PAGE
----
Anatomy of a Multi-Modal Commute

Ready for Anything

I recently transitioned from a mix of telecommuting and car commuting, to multi-modal commuting using bike, bus, and train. In the process we eliminated a car and we’ll cut our annual automobile mileage by approximately 75%.

I’m fortunate that my monthly transit pass is valid on city commuter buses, county commuter buses, and Amtrak commuter trains and motor coaches. These options make it possible to start my commute as early as 5 a.m. and finish as late as 7 p.m. To come and go at convenient times for my changing work schedule, I often mix it up, taking the train in the morning and the bus back in the evening, or vice versa. It’s been a real adventure, trying out all the options, figuring out where, when, and how to fold and stow the Brompton to make the various connections required to complete my 60 mile round-trip.

Here’s one example of a typical commute day:


  • Out the door at 6:40 a.m., ride 5 miles to the Amtrak station.
  • Board the train at 7:05.
  • Depending upon whether the bike rack is full or not, either load the bike into the rack, or fold it up and carry it upstairs and place it between a pair of seat backs.
  • Arrive at the downtown station at 7:35.
  • Unfold the bike, exit the train, and ride the 6 blocks to the office.
  • Bikes are not allowed in the front entrance of the building, so partially fold the bike and roll it in as a “cart”.
  • Take it up the elevator to my work area, finish folding it and stow it under the desk.
  • Get cleaned up and start work before 8:00.


  • Partially unfold the bike into “cart” mode. Exit down the elevator and out the front door by 4:00 p.m.
  • Completely unfold the bike and ride 10 blocks uptown to intercept the commuter bus where it first comes into downtown. Doing so gets me on the bus ahead of the busiest stops near the capitol where it quickly turns into standing room only.
  • Fold and cover the bike to put it in “stealth” mode for the bus. Get on the bus at 4:15 and take a seat near the front where there’s room to stow the bike.
  • Chill for an hour.
  • Arrive in the suburbs at 5:15.
  • Exit the bus, unfold the bike, and ride the 5 miles to the house.
  • Get cleaned up and sit down to dinner before 6:00.
“No Bikes Allowed” : Ha!

This may all sound like a lot of work, but actually I find it quite enjoyable. It’s a great way to get in an hour’s worth of low intensity exercise every day, and the down time on the train/bus helps me to unwind from 8-9 hours of intense work on the computer. Overall I’m spending an extra 40-45 minutes on the road, but 60 minutes of my total travel time is on the bike, which in my mind doesn’t count, so I’ve actually gained a net 15 minutes.

My old two-hour round-trip commute by car did nothing but add to my daily stress quotient. Now I look forward to my commute and arrive relaxed and refreshed; even without the numerous other benefits, this makes it well worth the effort.

5 Responses to “Anatomy of a Multi-Modal Commute”

  • Mike says:

    Hey Alan,

    I finally did my first multi-modal commute this morning. I started about 2 weeks later than I had planned. Had some minor problems getting my bike locker :VA dept of transportation (VDOT) sent me the wrong bike locker key and that took a couple of weeks to resolve.

    My bike route is a combination road, MUT, and shortcut through a closed road. The MUT has sections with broken glass. I found this out during one of my practice runs. – better than finding the broken glass on my commute. BTW – Learned the hard way that broken glass makes very short work of Schwalbe stelvios. Let’s see how my Specialized Nimbus Armadillos handle the broken glass. Scenery wise, the route is nothing spectacular, but I left the house early enough to watch the sun color the sky a spectacular red! I just don’t notice stuff like than I’m fighting traffic. I am not looking to my bike ride home – Weather forecast is from 20-30 mph winds from the west and I’ll be riding right into the teeth of the wind.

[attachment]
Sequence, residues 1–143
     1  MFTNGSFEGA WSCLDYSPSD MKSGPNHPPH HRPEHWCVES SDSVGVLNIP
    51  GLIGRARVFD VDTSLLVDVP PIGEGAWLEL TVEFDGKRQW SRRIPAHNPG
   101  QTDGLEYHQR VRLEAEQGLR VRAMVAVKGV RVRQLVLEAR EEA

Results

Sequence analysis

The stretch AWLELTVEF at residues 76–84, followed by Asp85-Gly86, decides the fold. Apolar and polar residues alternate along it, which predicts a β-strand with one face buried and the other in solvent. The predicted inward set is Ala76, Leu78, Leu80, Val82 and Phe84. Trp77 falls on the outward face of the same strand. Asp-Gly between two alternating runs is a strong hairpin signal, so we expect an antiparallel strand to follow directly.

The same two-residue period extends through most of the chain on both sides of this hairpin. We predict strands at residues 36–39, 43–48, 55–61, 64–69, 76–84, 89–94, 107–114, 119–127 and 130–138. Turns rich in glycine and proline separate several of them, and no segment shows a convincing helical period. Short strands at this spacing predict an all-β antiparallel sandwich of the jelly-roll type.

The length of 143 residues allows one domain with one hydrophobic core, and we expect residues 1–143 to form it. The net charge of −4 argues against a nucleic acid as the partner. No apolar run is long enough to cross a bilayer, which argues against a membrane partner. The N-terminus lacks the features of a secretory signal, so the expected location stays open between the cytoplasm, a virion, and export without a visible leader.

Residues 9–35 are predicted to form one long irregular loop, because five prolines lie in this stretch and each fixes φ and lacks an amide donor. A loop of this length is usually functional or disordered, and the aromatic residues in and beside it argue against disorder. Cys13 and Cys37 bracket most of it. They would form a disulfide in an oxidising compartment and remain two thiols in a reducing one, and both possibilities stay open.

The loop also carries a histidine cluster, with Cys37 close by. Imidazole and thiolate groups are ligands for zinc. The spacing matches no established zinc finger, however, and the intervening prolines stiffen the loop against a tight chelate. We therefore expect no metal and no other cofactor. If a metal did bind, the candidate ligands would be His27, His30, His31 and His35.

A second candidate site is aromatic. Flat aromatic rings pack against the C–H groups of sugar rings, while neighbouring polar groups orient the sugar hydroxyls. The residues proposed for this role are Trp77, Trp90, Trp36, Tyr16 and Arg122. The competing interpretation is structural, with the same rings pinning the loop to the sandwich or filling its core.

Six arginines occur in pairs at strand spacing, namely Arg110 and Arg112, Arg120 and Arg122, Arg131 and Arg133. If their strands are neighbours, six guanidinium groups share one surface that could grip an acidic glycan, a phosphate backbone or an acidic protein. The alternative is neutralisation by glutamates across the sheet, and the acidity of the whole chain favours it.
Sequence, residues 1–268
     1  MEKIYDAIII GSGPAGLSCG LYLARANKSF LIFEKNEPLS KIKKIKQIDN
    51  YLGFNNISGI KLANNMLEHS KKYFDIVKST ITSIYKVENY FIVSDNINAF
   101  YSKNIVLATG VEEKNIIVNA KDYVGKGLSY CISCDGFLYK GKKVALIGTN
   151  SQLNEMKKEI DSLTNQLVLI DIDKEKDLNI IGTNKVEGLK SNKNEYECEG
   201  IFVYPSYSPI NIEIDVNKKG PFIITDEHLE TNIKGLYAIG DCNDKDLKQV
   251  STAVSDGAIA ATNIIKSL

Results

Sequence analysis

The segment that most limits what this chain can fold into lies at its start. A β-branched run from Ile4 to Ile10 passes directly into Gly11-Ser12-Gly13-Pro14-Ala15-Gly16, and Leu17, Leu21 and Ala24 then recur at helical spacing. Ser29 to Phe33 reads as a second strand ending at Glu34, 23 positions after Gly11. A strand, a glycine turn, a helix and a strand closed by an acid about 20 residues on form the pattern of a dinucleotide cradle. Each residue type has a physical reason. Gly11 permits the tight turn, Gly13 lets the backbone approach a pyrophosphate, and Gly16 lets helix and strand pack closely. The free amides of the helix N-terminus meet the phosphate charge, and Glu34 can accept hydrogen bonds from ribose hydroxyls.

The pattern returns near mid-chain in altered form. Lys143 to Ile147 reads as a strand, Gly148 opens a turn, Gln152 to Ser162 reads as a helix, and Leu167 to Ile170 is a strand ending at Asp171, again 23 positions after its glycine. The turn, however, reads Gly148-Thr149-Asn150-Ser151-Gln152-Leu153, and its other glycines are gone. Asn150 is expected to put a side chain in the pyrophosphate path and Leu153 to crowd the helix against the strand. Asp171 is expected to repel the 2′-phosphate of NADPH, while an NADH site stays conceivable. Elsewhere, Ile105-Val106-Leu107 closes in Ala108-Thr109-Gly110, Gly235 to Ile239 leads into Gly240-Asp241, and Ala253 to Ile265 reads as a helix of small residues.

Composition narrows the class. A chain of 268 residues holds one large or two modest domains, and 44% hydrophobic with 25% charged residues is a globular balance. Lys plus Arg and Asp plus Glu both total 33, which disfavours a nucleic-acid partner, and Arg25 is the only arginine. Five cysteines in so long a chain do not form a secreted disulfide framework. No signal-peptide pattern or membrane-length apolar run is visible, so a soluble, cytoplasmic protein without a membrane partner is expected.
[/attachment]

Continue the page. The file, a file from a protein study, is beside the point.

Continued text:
My bike is outfitted with Dinotte headlight and tail lights. In addition a Blackburn Mars 2.0 tail light is mounted on the rear rack and a Planet Bike Super Blinky is mounted on my helmet. Either I look like a moving Christmas Tree or a low flying UFO :).

    Your website looks awesome!


  • Andrea says:

    It is so wonderful to see an increasing number of people discovering the beauty of a folder in a multi-modal commute. I commute daily from the Maryland ‘burbs into DC and my folder (a Dahon Speed Pro TT) has made the commute fun, fast, healthy, pollution-free, and flexible. With my folder, I have so many options available – bus, commuter train, Metro. It is wonderful to have this flexibility, especially in an area where these systems are not as reliable as they should be. As gas prices and the cost of living continue to increase, I am meeting more and more people who are ditching their cars (and even public transportation) for a bike. Bike trails and lanes in the DC-Metro area, once only lightly used, are now filled with cyclists. It’s a great sight!

  • Alan says:

    Hi Andrea,

    It’s great to hear you’re seeing so many new cyclists in your area! I’m seeing the same around here too. Many appear to be non-enthusiasts – this is good! A good portion of the bikes appear to be older models that have recently been taken down out of the rafters and dusted off to be used for transportation. I hope the trend continues!


  • Jim says:

    Is it possible to take a bicycle, say, from St. Paul, MN to Chicago, IL via the Amtrak Empire Builder? Anyone know for sure?

  • Multi-Modal Commuting | The Rambling Rider says:

    […] had considered doing a commute similar to what is described here, using a folding bike, so that my commute would then become bike to the station, ride the Metro, […]

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